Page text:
THE ROARING TWENTIES: AMY FLIES AGAIN
There’s gallantry in small theatres managing ‘distancing’ and keeping the arduous rules, and the Watermill scores high: outdoor productions in summer, now Ade Morris’ intriguing history-play as its second indoor show. Seats are elegantly blocked off with red ribbon as if, somehow, even Covid Year has to be celebrated.
The story of Amy Johnson bears much retelling. In that heady 1920’s period, when after the WW1 formation of the Royal Flying Corps government and public opinion went mad for “air-mindedness” .Ramshackle Flying Circuses toured the little aerodromes with wing-walkers and loop-the-loop rides, and several daring aristocratic ladies took to clouds in fragile little planes. They would nip down to Biarritz or Cannes for parties in couture flying-suits: actually some later became more than useful, delivering WW2 Spitfires around the country.
But Amy Johnson was not of that class, but just the second daughter of a fairly prosperous fish merchant in Hull. First of her family to study at University , she eschewed the conventional female roles of housewife or teacher, and worked as a secretary to a solicitor with the aim of taking to law. When the flying bug bit her and her father sighed and paid for lessons, she got her hands dirty , qualifying qualified as the first woman to get her aero engineering ticket. Then at short notice, chasing a record and urged on by the men who admired her nerve and talent (though she was “never much good at landings”), she became the first woman to fly solo from England to Australia, in 19 gruelling days, and subsequently set other records. In 1941 she was killed doing a wartime air delivery, parachuting to her death in Herne Bay.
Here, in a simple ingenious set of suitcases, trunks, and a trolley, she is Hannah Edwards: spry and determined, smilingly bounding about, nicely a bit irritating at first, gradaully drawing our respect. She remembers childhood rebellions , her long early affair with the Swiss potato-biz traveller Franz ( eight year her senior and worryingly uncommitted) and her tempestuous later marriage to her fellow flyer Jim Mollison. Benedict Salter plays everyone else: father, lovers, engineers, politicians and – in a fetching boater – the best friend Winifred who encouraged her rackety, roaring-twenties feminist determination. Salter also picks up a ‘cello to create the little plane’s engine sounds, smooth or faltering and carrying remarkable, nervy humming tension; sometimes he plays a few haunting melodic bars.
The pair work beautifully together under director Lucy Betts, Edwards conveying the charm , the uncertain early naivetés and the gritty, sometimes frightened determination of Amy both aloft and below. What is striking, in these odd times, is how much is added by the very fact that like us in the stalls they are two-meter distancing. When he flicks his lighter as she draws on the cigarette on the other side of the stage, eyes locked, or when the lovers dance it is oddly more erotic than the routine onstage mauling and pouncing of which we are now deprived. When in her celebrity years he becomes an important personage reaching to shake her hand, she is in her mechanic’s overalls, wiping hers with an oily rag, so obviously he backs off. It is wittily effective.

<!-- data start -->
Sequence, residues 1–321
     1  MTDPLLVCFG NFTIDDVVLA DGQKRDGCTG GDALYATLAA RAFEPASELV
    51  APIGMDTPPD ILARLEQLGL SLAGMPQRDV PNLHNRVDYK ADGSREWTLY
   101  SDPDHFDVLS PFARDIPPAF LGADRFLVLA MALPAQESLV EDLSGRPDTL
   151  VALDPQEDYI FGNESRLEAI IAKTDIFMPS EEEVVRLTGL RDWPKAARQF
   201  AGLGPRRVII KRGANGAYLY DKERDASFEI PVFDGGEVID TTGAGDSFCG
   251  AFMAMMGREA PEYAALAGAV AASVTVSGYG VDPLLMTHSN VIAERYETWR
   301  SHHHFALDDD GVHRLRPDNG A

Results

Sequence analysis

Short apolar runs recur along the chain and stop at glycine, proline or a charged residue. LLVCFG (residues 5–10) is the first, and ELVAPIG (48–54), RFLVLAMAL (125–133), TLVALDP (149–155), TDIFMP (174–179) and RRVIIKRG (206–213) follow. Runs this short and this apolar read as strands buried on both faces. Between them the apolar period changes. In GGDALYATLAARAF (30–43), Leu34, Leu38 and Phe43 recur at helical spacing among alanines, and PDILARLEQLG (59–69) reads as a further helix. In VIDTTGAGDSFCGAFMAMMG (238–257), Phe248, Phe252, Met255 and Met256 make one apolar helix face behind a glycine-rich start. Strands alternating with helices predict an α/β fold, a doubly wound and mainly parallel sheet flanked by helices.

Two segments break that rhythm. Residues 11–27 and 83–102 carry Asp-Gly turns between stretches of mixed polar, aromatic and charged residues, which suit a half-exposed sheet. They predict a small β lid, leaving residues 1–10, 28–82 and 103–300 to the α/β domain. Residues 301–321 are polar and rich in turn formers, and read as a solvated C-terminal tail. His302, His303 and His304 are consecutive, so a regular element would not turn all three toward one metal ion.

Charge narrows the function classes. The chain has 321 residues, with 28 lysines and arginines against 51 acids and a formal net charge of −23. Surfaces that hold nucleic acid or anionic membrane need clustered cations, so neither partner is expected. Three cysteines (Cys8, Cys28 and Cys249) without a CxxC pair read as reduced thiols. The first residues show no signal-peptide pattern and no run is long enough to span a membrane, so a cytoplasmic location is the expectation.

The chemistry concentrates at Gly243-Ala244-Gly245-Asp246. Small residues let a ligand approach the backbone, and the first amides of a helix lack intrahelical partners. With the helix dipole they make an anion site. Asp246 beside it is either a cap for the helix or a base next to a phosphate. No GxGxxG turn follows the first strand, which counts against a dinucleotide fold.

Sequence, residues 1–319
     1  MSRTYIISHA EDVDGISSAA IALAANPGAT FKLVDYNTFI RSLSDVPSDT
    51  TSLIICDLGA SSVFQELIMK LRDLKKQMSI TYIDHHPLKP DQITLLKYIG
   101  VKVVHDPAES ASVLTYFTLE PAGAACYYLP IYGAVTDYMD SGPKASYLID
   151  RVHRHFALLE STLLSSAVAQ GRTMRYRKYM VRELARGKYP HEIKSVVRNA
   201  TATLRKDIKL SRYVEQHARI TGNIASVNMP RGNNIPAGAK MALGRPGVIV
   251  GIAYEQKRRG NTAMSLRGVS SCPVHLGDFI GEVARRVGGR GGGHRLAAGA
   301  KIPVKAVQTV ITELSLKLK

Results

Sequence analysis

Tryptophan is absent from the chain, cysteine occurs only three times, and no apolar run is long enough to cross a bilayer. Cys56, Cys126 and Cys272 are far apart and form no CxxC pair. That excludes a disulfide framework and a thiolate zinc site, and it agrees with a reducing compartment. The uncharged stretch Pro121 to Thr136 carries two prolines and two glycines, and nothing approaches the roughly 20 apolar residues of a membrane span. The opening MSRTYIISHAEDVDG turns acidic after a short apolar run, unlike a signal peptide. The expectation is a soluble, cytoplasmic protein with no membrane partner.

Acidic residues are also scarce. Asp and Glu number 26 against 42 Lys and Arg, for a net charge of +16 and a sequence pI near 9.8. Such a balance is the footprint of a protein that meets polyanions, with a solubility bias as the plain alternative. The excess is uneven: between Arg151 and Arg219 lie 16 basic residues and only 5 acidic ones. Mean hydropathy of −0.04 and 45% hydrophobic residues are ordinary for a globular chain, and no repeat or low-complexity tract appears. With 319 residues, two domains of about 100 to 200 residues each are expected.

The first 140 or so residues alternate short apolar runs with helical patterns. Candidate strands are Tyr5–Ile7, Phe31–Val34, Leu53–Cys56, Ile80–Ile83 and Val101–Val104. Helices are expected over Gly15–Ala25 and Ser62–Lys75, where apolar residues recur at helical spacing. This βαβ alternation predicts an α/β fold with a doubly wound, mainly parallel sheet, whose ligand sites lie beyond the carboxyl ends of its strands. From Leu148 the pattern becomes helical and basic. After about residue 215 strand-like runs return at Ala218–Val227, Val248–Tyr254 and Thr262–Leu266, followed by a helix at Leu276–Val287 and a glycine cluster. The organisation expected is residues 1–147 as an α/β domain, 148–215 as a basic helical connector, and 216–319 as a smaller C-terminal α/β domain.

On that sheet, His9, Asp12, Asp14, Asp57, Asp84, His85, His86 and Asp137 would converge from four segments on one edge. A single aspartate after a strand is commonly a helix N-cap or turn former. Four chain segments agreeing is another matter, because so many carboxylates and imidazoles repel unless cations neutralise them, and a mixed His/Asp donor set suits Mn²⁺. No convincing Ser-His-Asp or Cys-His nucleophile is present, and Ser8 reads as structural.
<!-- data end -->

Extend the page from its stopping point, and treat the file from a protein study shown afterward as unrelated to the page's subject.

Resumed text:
If I have a quibble it is with the play’s structure: moving around in the timescale is fine, usually well indicated by costume tweaks. Her childhood moments and relationship with her father are certainly neatly reflected in her later life and loves, and tensely interspersed with moments in the air on that epic journey to Darwin. But there are other voyages told of, and moments about her two great loves and the struggle of global celebrity (“Fame is like battery acid, use it but don’t drink it”, good line). There are picaresque details like her crash into a British parade ground in India , or a desperate shenanigan with Turkish bureaucracy. And though it is framed both by that first Australia record and her whole life – including the final wartime crash – sometimes it is not easy to know where you are, or what resulted from what. Those who know her history well will be happy with it as a grippingly impressionistic portrait of a remarkable woman. Those who don’t might need a fuller programme note. My first lines above would do.
But these are quibbles. It was a great evening, atmospheric and gripping and done with panache. Another happy Watermill memory.
box office watermill.org.uk to 21 November